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What to Do When Times Get Tough

Every industry goes through good and bad times.  So, unless you’re able to surf just the industries that are expanding, you ought to know how to attract new customers when things get tough.The good news: the three things I’m about to propose work equally well in bad times AND good.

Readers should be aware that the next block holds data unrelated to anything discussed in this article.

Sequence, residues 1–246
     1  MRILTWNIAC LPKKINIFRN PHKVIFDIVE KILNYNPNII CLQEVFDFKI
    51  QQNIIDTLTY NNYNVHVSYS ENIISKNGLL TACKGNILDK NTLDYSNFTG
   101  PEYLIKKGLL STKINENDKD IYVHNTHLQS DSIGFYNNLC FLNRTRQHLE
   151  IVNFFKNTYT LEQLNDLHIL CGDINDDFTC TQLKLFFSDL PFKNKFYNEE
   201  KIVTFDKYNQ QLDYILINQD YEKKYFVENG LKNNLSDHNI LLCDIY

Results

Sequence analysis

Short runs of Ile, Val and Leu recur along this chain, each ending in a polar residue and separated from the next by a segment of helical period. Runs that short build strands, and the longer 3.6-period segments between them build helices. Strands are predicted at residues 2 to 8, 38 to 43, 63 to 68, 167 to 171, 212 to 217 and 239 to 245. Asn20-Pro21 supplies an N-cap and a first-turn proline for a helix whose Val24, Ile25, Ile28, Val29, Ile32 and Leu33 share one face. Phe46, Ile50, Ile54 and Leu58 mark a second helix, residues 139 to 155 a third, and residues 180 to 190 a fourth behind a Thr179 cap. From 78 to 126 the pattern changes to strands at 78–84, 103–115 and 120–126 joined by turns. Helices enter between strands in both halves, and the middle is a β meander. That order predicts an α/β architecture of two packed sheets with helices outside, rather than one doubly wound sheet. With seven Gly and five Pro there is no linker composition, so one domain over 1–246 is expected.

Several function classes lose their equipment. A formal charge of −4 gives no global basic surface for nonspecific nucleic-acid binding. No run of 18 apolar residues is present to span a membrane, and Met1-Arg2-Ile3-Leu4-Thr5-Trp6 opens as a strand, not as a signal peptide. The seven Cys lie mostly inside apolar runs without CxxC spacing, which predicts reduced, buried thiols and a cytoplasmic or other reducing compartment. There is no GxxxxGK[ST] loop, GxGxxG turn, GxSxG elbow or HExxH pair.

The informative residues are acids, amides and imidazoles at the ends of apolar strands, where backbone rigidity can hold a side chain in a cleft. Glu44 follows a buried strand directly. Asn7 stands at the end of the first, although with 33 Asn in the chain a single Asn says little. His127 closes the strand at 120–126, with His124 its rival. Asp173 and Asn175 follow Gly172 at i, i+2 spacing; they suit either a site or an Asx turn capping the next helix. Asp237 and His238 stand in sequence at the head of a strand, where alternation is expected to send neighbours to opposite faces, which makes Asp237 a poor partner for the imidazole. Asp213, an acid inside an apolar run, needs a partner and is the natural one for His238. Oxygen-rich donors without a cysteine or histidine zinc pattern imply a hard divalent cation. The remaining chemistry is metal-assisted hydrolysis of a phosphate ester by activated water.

Every industry goes through good and bad times.  So, unless you’re able to surf just the industries that are expanding, you ought to know how to attract new customers when things get tough.The good news: the three things I’m about to propose work equally well in bad times AND good.The mistake many companies make when things get tough: they stop spending money on marketing.  It isn’t that they should stop marketing; they should 1) stop sending the wrong message or 2) stop marketing to people who aren’t buying or 3) stop marketing the same value proposition.Change Your Message- This is the first place to look when things slow down.  It’s normally the easiest fix, although I’d hesitate to call any of these three particularly easy.  Companies tout one or more reasons why customers should buy from them.  As your customers’ world changes, the reasons they buy change with it.  For example, service might be important (don’t slow us down!) during times of expansion and growth, something customers may be willing to pay a bit more for.  When things slow, price may become important.  You get the idea.  That really swell copy you wrote 18 months ago about service?  It may be falling on deaf ears today and contributing to your slowdown.  Change your message as your customers change.  But you have to ask—your customers, that is—to find out what’s important now.  Remember, customers are a moving target.Change Your Target-  If your current customers aren’t buying, who is?  I know, it isn’t as simple as that; but it’s not complicated either.  Every company has customers different from their target customer, customers that just sort of find it.  You know, that handful of customers you don’t spend any time or money attracting.  Does it make sense to go after them?  Yes, of course, especially when things slow down!  They may become your new best friends.  And yes, you’ll have to change your message and promotional materials.  But compare sitting around wringing your hands while sales slip away to spending a few thousand to get those sales from somewhere else.Change Your Value Proposition- This is something few people really want to do.  That is, somehow change or add to your product to better meet the needs of your customer’s changing needs.  For some, it’s not an option.  But, before you put yourself in that category, know that that group is far smaller than you think.  Bundle services with your product.  Make it easier to buy.  Take some of the risk away.  Find a product that’s twice as good for half the price.  Boost your warranty.  Sell the whole assembly, not just one part.  Include installation.  In short, how would you compete if you were just entering the market and didn’t have all the emotional investment in how you do what you do now?To sum up, when things get tough, don’t stop marketing, start marketing differently.  look to your message first.  Talk to some customers.  Have they changed why they’re buying or are they just not buying for a while?  Who else is buying?  How can you change/expand your product value proposition to appeal to the customers still buying? 

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